The Walking Dead: A New Frontier (PC/Steam)

(Review archived from October 31, 2018)

Once you get deep into an episodic story, it gets a little bit hard to talk about without spoilers. I’m going to do my best to avoid that in this review, but do be aware that I’m talking about the fourth game (or fifth depending on how you count them) in a series with (more-or-less) one long continuous story line.

Perhaps it was the fact that Telltale Games suddenly and unceremoniously folded up shop this month that once again put the Walking Dead games on my radar. Or maybe (and perhaps more honestly) it’s that I’ve played one Walking Dead Game every October for the last five years. So it was with a touch of bittersweet good byes that I embarked into the world of Walking Dead: A New Frontier, knowing that the days were numbered for all of these characters, both the living and the dead alike.
(Editors Note: As of the date of posting, Telltale has risen from the grave, though largely operating as a shell of their former operations)

Telltale really eked out a niche for itself with this style of cinematic adventure game, making liberal use of quicktime events, and branching dialogue trees which rival some visual novels in terms of depth and complexity. It’s not a style for everyone, but I quite enjoy it. It’s a style of cinematic game that leans heavily into the ‘cinematic’ without indulging in charade or pretense of being something that it’s not by means of cliched ‘cinematic elements’. It knows what it wants to be and goes all in. Among other things this style allows for some excellent writing, character building, and voice work, all of which are present in Walking Dead: A New Frontier. Telltale really had some of the best writing and voice work in the industry. Come at me bros.

The beginning of New Frontier takes us once again to the beginning of the Outbreak, with a new set of characters, the Garcias. Tolstoy wrote in Anna Karenina that, “Happy families are all alike, but every unhappy family is unhappy in its own way.” And with the Garcias we can see that family tensions are running high and in their own way. Main character Javier is a washed up ball player at odds with David, his abusive control freak older brother. It is this tension that defines their relationship in all matters, from how to handle their aging parents, to the protectiveness Javier feels towards David’s wife Kate who’s also impacted by David’s psychological abuse. Well the zombie apocalypse makes strange bed fellows, and soon enough David is out of the picture leaving Javier, Kate and David’s kids to eke out survival amidst the complete societal collapse. Throughout the game, the story makes effective use of flashback segments, and we eventually find out what happened with David, as well as details of the shared history between various characters.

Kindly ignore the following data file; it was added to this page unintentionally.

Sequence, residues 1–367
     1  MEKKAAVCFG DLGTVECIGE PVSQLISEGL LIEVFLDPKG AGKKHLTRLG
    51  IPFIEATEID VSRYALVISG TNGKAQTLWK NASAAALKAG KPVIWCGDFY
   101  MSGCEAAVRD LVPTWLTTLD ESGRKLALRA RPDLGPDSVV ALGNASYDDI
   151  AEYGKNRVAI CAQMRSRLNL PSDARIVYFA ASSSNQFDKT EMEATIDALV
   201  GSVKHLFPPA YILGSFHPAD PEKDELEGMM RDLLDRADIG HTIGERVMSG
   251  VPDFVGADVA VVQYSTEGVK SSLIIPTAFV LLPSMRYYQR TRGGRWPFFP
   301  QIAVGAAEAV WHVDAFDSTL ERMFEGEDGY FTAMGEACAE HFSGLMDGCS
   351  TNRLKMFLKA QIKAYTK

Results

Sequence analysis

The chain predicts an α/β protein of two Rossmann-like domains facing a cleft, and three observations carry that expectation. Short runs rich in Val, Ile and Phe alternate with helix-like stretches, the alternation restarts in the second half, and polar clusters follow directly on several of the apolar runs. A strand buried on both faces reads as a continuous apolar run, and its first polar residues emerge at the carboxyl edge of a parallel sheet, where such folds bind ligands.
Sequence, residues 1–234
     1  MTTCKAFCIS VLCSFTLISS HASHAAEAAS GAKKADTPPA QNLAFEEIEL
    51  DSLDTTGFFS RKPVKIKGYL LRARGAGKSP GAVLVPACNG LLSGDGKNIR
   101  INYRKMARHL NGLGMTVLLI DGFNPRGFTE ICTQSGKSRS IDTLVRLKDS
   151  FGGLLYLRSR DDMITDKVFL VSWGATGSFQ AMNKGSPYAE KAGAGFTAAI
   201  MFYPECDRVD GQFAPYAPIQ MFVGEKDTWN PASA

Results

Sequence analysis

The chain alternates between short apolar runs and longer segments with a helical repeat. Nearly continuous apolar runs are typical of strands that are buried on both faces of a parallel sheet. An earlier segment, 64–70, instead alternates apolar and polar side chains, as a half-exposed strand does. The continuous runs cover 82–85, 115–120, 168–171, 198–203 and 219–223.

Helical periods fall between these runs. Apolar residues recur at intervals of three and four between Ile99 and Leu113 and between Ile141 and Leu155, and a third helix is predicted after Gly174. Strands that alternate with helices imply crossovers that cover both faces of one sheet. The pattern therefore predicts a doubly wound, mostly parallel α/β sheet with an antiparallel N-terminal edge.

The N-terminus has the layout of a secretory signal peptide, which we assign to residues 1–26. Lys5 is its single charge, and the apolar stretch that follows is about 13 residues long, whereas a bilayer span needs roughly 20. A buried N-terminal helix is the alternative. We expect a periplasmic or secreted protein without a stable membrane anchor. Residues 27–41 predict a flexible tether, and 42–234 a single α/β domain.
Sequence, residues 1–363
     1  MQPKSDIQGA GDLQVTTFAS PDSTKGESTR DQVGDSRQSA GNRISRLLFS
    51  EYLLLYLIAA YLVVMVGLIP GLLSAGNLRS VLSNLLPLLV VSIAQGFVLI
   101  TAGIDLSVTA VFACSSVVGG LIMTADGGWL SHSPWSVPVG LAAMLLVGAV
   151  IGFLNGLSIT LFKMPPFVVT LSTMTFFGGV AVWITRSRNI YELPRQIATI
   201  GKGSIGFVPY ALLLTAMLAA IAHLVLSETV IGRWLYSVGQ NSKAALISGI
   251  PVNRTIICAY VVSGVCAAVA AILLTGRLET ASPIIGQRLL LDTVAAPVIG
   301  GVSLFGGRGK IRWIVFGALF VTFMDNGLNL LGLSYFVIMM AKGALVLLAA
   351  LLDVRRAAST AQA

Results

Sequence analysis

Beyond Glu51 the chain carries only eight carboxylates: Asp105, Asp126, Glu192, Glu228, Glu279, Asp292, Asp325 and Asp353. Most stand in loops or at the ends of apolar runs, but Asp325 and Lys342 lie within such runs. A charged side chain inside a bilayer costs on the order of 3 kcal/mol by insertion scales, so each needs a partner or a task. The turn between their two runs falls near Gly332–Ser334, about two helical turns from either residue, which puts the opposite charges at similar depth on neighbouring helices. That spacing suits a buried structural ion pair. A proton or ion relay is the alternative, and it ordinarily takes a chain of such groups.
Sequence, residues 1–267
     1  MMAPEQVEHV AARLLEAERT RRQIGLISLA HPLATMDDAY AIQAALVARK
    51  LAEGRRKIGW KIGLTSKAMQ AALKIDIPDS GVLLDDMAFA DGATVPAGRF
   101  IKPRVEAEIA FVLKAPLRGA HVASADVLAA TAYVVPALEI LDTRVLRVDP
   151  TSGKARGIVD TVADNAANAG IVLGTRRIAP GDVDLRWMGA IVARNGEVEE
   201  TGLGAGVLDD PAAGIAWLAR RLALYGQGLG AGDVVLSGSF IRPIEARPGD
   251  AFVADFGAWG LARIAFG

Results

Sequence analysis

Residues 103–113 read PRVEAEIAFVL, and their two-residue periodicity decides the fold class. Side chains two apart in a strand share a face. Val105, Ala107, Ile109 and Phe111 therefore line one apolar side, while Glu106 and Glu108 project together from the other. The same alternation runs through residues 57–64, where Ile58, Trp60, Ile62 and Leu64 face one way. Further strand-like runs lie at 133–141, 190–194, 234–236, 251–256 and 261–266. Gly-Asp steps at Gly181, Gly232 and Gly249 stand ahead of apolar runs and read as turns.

A sudden turn of misfortune finds Javier alone and in a grave predicament when … poof … deus ex machina puts him face to face with an old friend. Well not so much a friend of his per se, but rather a friend of ours, as in the player. Clem comes to his rescue every bit the badass that her mentors have taught her to be. (I’d have put a spoiler around this, but I mean … c’mon … she’s right there on the game banner; you had to figure she was going to show up sooner or later) This is incredibly effective, IMO, because we now see Clem from the perspective of an observer, and not in the role of her protector as in the first game, but from the perspective of someone who is rescued by Clem. Again and again over the course of the game, Clem shows herself to be a capable warrior and protector in her own right despite her young age. This world has made her hard and frankly a bit of a badass. It’s so weird to say, but after assuming the role of her protector in the first game, and playing as her in Season Two, it’s hard not to feel a hint pride at the badass she’s become. It’s an effective story decision, IMO, and one that would have been lessened had we simply assumed the role of Clem directly once more.

Each of The Walking Dead games (with the possible exception of the first) has more or less relied on the old monster movie trope that “it is in fact we who are the real monsters”. So it’s not like New Frontier is winning any points for originality as far as that goes, but when the writing is this good, it’s hard to hold it against it to any significant degree, and to be fair the source material relies almost exclusively on this device well. The character drama is quite good though, and as I mentioned the voice work is fantastic as always. Almost all of the Walking Dead games have been incredibly effective at playing on the emotions of the player, and New Frontier is no different in this regard. I won’t lie as to being torn up regarding the late-game fate of one character in particular. It’s my understanding that under certain circumstances, the fate of this character is different. I might check that out at some point.

One point of interest in nearly all Telltale games is to compare your key choices against those of other players. For the most part my choices aligned with other players, save for one chapter where I seem to have diverged significantly (I tend to play these games with a philosophy of ‘violence as a last resort or in defense of self/party’). What I found incredibly interesting though, was that almost every decision involving Clem was incredibly one sided, with a high majority of players siding with Clem in all matters. And for my part, I was not terribly different in this regard. Looks like I’m not the only one with an illogical sense of parental protectiveness and pride in the character she’s become. Clementine will remember that.






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